On ordinary days, the blessings we give and receive can be awfully mundane. Blessed are you who do dishes and pack lunches. When you are taking kids to hobbies or calling another 1-800 number about an overdue bill. Blessed are you who listen to customer complaints and stare blinking into an inbox that never ends. Because blessed are your eyes as you open them to the sound of the alarm and your chest as it rises and falls when you sleep. You are beloved, even when there is no reason to believe it.
Blessed am I when I lose sleep over what troubles me. When my worries keep me watching the clock tick by. When I have no energy to do anything but fret. The kingdom of God is here and now.
Blessed am I when I am drowning in grief. When wave after wave after wave crashes over me. When I start to feel OK, then something reminds me of what I’ve lost and I’m pulled under once again. God promises to comfort me.
Blessed am I when I feel silenced and afraid to speak up. When I’m forgotten and left out. When I feel small. When I feel like my work, my presence, my life doesn’t matter. The whole world is mine.
Blessed am I when I am starving for justice. When the world around me feels so unfair that I could scream, but no one seems to be listening. No one seems to care. Justice will flow like a river.
Blessed am I when someone hurts me, when someone wrongs me, when I feel offended, when I don’t return insult with insult. Instead, I forgive. Recognizing the number of times I’ve needed forgiveness too.
Blessed am I when I strip away all the extra. When I see the world as it really is—broken, tender, fragile, beautiful. These are the same eyes that see God in everything too.
Blessed am I when I take the hard road. The windy one that doesn’t opt for the shortcut of rage or resentment or unkind words. That doesn’t pave over with trite niceties but walks toward peacemaking. For God’s love shows us how to love.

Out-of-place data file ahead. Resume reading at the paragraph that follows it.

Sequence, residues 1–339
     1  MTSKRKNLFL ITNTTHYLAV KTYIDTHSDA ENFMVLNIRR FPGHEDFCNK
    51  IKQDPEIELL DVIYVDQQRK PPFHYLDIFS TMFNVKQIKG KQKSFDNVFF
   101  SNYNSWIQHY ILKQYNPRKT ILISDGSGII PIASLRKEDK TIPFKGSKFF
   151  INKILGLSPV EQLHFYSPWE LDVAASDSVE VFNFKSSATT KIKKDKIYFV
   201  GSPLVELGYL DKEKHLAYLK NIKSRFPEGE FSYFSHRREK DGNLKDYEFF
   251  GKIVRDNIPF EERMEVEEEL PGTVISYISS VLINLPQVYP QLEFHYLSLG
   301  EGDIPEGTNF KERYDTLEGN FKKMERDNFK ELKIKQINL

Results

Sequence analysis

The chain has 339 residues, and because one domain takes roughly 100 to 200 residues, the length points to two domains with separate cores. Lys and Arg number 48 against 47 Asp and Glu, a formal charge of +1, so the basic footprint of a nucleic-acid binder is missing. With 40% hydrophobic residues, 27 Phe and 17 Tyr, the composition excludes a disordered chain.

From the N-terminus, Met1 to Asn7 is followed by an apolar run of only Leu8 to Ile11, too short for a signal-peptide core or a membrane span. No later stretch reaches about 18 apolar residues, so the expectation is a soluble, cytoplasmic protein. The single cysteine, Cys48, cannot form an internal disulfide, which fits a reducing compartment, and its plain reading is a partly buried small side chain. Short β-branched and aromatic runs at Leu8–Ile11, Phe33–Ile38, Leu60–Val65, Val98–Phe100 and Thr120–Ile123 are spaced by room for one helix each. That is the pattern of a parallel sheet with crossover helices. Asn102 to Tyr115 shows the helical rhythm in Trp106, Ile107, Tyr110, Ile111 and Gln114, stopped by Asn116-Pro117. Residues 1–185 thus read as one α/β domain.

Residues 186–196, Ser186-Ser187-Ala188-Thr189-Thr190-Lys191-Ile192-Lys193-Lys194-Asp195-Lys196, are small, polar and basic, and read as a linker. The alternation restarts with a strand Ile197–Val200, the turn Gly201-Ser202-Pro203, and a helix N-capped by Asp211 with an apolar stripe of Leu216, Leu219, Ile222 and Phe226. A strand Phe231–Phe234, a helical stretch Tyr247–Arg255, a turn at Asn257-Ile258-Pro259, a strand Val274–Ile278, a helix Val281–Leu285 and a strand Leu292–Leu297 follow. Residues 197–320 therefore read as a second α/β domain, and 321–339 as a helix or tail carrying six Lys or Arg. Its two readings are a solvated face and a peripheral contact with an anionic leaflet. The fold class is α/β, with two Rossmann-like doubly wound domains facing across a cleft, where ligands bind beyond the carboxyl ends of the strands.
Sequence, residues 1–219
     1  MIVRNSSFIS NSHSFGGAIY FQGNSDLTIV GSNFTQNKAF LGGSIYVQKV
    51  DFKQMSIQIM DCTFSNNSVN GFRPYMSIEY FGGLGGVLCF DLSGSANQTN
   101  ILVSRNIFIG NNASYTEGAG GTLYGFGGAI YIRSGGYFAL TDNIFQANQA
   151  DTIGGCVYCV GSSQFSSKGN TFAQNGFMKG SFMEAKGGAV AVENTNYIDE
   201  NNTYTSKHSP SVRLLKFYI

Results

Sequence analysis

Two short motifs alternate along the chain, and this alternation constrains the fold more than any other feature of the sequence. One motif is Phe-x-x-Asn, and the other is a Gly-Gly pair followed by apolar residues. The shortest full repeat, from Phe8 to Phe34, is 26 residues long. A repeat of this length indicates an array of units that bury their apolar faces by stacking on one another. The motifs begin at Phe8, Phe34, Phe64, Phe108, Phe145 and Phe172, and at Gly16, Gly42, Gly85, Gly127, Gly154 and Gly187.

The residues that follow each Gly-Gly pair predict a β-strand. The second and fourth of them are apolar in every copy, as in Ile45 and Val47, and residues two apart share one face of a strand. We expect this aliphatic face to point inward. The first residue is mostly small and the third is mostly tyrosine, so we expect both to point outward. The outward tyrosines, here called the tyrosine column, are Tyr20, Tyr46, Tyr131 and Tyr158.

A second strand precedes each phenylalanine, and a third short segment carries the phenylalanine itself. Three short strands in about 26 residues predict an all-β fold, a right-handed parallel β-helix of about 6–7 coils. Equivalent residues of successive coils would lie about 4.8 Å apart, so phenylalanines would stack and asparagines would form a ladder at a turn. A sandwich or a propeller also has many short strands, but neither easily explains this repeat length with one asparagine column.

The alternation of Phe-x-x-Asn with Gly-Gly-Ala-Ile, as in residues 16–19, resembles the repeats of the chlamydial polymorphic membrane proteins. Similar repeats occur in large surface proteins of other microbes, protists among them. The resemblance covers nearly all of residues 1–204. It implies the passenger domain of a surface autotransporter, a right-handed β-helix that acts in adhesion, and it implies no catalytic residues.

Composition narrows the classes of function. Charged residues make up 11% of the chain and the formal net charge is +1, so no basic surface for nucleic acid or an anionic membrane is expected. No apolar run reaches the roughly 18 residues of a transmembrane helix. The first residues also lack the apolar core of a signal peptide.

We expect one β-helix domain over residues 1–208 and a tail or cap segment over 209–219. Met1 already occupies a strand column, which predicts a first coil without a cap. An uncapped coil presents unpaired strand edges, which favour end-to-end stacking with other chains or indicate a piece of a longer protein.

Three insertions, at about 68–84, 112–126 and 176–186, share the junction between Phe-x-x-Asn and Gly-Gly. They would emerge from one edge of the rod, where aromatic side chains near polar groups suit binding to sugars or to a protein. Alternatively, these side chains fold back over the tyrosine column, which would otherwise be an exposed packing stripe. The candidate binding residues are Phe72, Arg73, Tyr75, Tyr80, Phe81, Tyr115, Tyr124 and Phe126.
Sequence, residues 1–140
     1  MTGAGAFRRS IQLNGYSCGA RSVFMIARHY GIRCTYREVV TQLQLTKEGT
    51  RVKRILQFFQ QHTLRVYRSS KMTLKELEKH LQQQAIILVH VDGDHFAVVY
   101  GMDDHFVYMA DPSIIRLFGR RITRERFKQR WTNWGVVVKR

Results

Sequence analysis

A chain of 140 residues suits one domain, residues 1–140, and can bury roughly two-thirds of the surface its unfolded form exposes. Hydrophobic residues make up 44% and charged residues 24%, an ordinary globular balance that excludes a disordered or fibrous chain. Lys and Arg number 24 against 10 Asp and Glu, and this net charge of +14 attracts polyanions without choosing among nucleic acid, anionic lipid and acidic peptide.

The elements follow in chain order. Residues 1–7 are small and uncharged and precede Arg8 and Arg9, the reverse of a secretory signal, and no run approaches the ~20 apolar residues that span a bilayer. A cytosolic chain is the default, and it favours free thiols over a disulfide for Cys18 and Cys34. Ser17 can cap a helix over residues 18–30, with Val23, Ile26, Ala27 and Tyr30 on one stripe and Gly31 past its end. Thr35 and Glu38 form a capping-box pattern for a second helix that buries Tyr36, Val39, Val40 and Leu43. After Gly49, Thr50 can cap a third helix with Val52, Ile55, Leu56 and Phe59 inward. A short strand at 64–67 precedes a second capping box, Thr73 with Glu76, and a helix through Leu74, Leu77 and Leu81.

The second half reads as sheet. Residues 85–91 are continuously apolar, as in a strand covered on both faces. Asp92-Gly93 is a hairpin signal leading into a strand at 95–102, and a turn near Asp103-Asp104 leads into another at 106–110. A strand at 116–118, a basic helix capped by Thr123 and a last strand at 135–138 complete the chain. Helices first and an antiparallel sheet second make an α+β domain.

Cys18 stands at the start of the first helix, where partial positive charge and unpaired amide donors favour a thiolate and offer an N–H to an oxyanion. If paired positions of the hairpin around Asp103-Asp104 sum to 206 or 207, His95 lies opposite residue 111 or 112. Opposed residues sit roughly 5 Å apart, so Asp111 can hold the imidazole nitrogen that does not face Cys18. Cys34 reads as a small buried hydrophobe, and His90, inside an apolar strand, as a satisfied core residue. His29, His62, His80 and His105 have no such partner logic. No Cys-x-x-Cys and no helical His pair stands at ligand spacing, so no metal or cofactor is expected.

Blessed am I when I face hardships of all sorts. Insults, hurt feelings, lies, and vindictive neighbors. (Why is loving your actual neighbor so hard, God?) Blessed am I who work to usher in God’s kingdom of love and compassion and justice and forgiveness and peace even when it seems impossible.
These blessings don’t qualify us for the kingdom like a new rule we have to follow to earn God’s gifts. They are not new guarantees of the blessed life. Rather, this is the upside-down kingdom: The kingdom is directly available to those of us who cannot master our own worlds. We must be saved from them, every day.
Sometimes the only thing that’s possible is to bless life’s every present moment—even, and especially, the hard ones. Blessings in those moments fall like a summer rain over the driest times and places in our lives. And though a blessing seems counterintuitive to moments of grief and sorrow, that’s when you need to be reminded the most of the presence of God. The God whose kingdom is available to all of us.
The world looks a bit strange from here, upside-down. But maybe it’s how it’s supposed to be, our feet rooted in heaven.
This article also appears in the February 2022 issue of U.S. Catholic (Vol. 87, No. 2, page 15-16). Click here to subscribe to the magazine.
Image: Unsplash/Elisa Ventur